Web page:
Norton of Morton

Read a new instalment of Norton of Morton every Saturday at 4 o'clock

Saturday 9 March 2013

Behold the beneficiary boutiques!

In which G.M. Norton reveals the treasure he has recently managed to plunder at bargain prices.

I must confess, I love a good charity shop. Last Christmas, I managed to cobble together a party outfit for the princely sum of £38 and it’s fair to say that I am continuing to unearth even more bargains (to the detriment of my wardrobes).

This year, I have made a vow of sorts to buy the majority of my clothes from charity shops (or ‘beneficiary boutiques’ as my chum Bruce Partington-Plans refers to them). As I know what sharp eyes you’ve got, I have afforded myself a little get-out by writing that is my intention to ‘buy the majority’ – a chap must allow himself sufficient leverage to snaffle something extra special from time to time.

Well, I am now three months into my aforementioned abstinence and suffice to say, I am doing rather well.

Take the other weekend for instance. My beloved hails from Darwen in Lancashire and as she doesn’t drive, I did the gentlemanly thing and escorted her twenty miles to spend the afternoon with her friends. Bidding my beloved and our baby daughter adieu, I toddled off with our eldest in tow.

With three hours before we were due to collect my beloved, we had a bite to eat at a nearby eatery before heading to the plethora of beneficiary boutiques, all within walking distance of each other.

This may sound awfully dull for a six-year-old but my eldest had made the mistake of telling a deliberate untruth earlier in the day so as punishment, I scrapped our plans to go bowling and ventured to the beneficiary boutiques instead.

As it turned out, by the end of the shopping experience, my eldest commented that she’d had a lovely time and spent the journey home with her head stuck in a newly-acquired book. Even if it was about a high school musical.

Anyway, I am prattling on and I’m sure you’d like to know what we managed to pick up.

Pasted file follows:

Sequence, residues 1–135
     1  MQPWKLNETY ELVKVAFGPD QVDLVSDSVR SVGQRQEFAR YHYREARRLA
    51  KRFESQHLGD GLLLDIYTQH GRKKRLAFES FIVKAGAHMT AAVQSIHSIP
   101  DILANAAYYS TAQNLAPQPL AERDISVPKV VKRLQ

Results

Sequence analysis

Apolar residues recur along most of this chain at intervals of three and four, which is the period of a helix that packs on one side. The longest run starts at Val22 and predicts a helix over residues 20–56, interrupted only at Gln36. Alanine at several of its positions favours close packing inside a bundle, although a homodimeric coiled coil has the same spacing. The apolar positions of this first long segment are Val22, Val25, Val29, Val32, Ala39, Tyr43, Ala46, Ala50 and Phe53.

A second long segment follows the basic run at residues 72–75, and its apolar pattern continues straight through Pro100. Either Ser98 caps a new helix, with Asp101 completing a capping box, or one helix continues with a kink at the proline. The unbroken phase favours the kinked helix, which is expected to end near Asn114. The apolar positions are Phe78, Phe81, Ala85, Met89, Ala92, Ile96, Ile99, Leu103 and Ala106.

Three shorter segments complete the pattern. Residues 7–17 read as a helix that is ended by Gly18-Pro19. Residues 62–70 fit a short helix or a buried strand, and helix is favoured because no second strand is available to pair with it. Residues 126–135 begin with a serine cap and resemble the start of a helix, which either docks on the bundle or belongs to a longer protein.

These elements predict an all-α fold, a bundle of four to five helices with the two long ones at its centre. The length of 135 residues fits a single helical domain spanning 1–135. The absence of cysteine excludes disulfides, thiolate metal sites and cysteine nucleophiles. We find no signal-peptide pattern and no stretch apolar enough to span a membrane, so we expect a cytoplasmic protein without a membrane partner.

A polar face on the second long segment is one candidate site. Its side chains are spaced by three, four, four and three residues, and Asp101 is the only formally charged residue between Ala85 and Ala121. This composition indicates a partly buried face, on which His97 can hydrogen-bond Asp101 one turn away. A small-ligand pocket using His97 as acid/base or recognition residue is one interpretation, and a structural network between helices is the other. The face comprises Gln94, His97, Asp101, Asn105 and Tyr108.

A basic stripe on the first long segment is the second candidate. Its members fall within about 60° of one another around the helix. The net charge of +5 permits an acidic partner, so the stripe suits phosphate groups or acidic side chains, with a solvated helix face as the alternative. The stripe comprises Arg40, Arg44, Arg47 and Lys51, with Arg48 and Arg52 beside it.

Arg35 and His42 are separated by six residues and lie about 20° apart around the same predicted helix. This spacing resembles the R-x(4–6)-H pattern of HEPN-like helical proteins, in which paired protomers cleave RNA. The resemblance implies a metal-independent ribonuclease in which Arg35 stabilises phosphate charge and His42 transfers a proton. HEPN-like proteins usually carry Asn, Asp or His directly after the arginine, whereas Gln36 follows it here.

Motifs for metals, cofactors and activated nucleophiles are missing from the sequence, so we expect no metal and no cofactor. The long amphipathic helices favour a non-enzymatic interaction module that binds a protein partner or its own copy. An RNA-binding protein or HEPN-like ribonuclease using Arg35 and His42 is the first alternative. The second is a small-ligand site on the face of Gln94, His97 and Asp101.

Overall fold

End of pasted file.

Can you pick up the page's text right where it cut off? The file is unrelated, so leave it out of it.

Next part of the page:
Well, I managed to unearth two ties (£2 each), four shirts (£2 each), one sports jacket (£3.50), plus a heap of records (£2) for the combined total of £17.50.

In addition, my eldest bought nine books. And what did I get for the beloved? This bone china tea set for the ludicrously low price of £6.50.

Have you had any success at the charity shops? Pray tell, ladies and gentlemen.

G.M. Norton
Protagonist of ‘Norton of Morton’



  1. I have been visiting Abergavenny in South Wales and found the charity shops really expensive! Ten quid for a polyester skirt from Next, and the charity shop lady was really rude to me as well. BUT there's an amazing vintage shop called Vintage Vision down the road that sells vintage for very reasonable prices - tulle red 50's ballgown for £45, blue velvet jacket for £15 etc. I don't understand why the charity shops are so expensive in comparison. There are some really good charity shops in Cardiff and some of them are super-cheap, with all clothing at £1 in one of them (you have to be quick though!). By far though I prefer the car boot sales and flea markets, they're my usual hunting grounds. Well done on getting that tea set for under a tenner!

    P x

    1. I was rather pleased with the tea set, it was my favourite buy of the day. Although the cockerel tie was a very close second.

      There are a couple of charity shops that I've visited that have priced their wares far too high. I do enjoy a car boot sale too, it's been a very happy hunting ground, especially for records. Plus you are able to barter a little!

  2. A gentleman residing in the antipodes, I've had great success in my sartorial adventures around the "opportunity shops", or as I shall now call them, "beneficiary boutiques". I've managed to obtain two beautiful vintage dinner jackets, one from the 1930's, in fact. As well as this, I've gotten several lovely pairs of shoes, and many other compliments to my wardrobe. Not to mention the silverware, the books and the many many neckties.


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